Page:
3500-year-old Babylonian Ghost Image Discovered in British Museum Vaults!
What is believed to be the world’s oldest depiction of a ghost has recently been found on a Babylonian tablet, neglected in the vaults of the British Museum in London since its acquisition in the 19th century.
Babylonia, which was a magnificent state in ancient Mesopotamia (covering parts of present-day Iraq and Syria), had two periods of great development. The first took place between 2300 BC and roughly 1712 BC and achieved its greatest heights under the Amorite ruler Hammurabi (1792 BC-1750 BC). The second period of Babylonian development occurred much later, between 626 and 539 BC. The 3500-year-old Babylonian ghost image tablet belongs to the first period of development.
Dr Irving Finkel of the British Museum discovered the ghost image and the correct meaning of the cuneiform inscriptions on the tablet. (Ádám Szedlák / CC BY 2.0)
How the British Museum’s Dr Finkel Found The Ghost Image
The Babylonian tablet etching is accompanied by writing in an ancient cuneiform script that describes in detail how to get rid of an unwanted ghost. It was Dr Irving Finkel, the curator of the Middle Eastern department at the British Museum, who made the startling discovery. An authority on cuneiform script, Dr Finkel said the tablet had been incorrectly deciphered. The incorrect translation coupled with the very faint outlines of the ghost image figure that are discernible only when seen from above and under a light resulted in the tablet being forgotten.
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“You’d probably never give it a second thought because the area where the drawings are looks like it’s got no writing. But when you examine it and hold it under a lamp, those figures leap out at you across time in the most startling way. It is a Guinness Book of Records object because how could anybody have a drawing of a ghost which was older?” Dr Finkel told The Guardian.
The logo-syllabic script used to write several languages of the ancient Middle East is known as cuneiform on account of its mostly wedge-shaped symbols. It was in use from the early Bronze Age to the end of the BC period and is among the earliest writing systems in the world.
Arab News reports that the image on the tablet shows a bearded man being led to the afterlife by a woman, with his tied hands held out before him . “It’s obviously a male ghost and he’s miserable. You can imagine a tall, thin, bearded ghost hanging about the house did get on people’s nerves. The final analysis was that what this ghost needed was a lover,” Dr Finkel said in a Times of Israel article.
An ancient Sumerian cylinder seal impression at the British Museum showing the god Dumuzid, flanked by snakes, being tortured in the underworld by galla ghost demons. This is one of the earliest depictions of ghosts in the underworld. (Public domain)
Exorcizing a Ghost
Half of the tablet, which is an exorcist’s guide to getting rid of unwanted ghosts by fulfilling the longing that makes them hang around in the world of the living, is missing. Despite that, the instructions for dispatching a ghost who “seizes hold of a person and pursues him and cannot be loosed” seem to have survived in fascinating detail.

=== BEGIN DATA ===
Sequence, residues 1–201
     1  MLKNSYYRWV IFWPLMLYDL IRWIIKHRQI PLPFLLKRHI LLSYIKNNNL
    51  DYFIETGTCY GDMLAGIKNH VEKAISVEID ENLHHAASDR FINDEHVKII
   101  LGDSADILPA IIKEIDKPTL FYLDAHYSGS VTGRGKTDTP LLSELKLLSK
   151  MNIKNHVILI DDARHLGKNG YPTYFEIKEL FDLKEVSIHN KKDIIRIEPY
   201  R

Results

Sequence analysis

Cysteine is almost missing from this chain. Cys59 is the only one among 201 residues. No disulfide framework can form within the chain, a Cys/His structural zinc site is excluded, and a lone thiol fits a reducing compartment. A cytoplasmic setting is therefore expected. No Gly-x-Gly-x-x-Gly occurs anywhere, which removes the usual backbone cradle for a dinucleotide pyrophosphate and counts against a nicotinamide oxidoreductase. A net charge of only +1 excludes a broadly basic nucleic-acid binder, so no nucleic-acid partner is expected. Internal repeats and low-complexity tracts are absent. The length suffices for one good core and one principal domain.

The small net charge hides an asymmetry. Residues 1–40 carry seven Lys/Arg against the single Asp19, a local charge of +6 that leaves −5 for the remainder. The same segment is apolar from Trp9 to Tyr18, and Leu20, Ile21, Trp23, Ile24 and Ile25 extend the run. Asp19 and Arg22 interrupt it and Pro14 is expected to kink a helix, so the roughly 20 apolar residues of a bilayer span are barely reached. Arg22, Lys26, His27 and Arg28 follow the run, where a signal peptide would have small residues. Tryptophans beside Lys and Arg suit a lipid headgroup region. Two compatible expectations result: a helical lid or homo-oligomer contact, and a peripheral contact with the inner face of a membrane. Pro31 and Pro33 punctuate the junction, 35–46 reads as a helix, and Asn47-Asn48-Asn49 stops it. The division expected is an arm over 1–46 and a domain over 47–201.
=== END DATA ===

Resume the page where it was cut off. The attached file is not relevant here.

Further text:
The cuneiform script instructions describe how to make the figurines of a man and a woman and dressing the man in everyday clothing, while the woman is to be wrapped in four red garments and clothed in purple. She should also be wearing a golden brooch. The man is to be provided with travel provisions while the woman should be given a bed, chair, mat, towel, comb, and a flask. The ritual is to take place at sunrise and, after equipping the figurines as instructed, a curtain is to be drawn and two carnelian jugs of beer and an incense burner holding juniper branches are to be placed next to the figurines. Then Shamash, the Babylonian god of the sun and judge of the underworld by night, is invoked with incantations.
After detailing the ritual for getting rid of the unwanted visitation, the text at the back of the tablet ends with the warning, “Do not look behind you.” According to Dr Finkel, the tablet formed part of a “library” in an exorcist’s house or a temple. He writes about the ghost in his book, The First Ghosts: Most Ancient of Legacies.
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He hopes to exhibit the ghost-history-rewriting Babylonian tablet to the public noting that such artefacts serve to show that all the weaknesses and fears of the human race in the present were there in abundance 3500 here ago.
“I want people to know about this culture. Egypt always wins in Hollywood. If the Babylonian underworld is anything like it was described, then they’re all still there. So just remember that.” he said .
Whether that is so or not, the discovery of the ghost image, the oldest found so far in the world, is sure to captivate public interest.
Top image: The British Museum’s long misunderstood 3500-year-old Babylonian tablet reveals a male ghost image on the left led by a woman on the right. Source: The British Museum
By Sahir Pandey
Arab News. 2021. World’s oldest ghost image found on British Museum Babylon tablet. Available at: https://www.arabnews.com/node/1949121/art-culture
The Guardian. 2021. Figures of Babylon: oldest drawing of a ghost found in British Museum vault. Available at: https://www.theguardian.com/culture/2021/oct/16/figures-of-babylon-oldest-drawing-of-a-ghost-found-in-british-museum-vault
The Times of Israel. 2021. Unhappy spirit: Oldest ever drawing of ghost found on ancient Babylonian tablet. Available at: https://www.timesofisrael.com/oldest-known-drawing-of-ghost-found-on-ancient-babylonian-clay-tablet/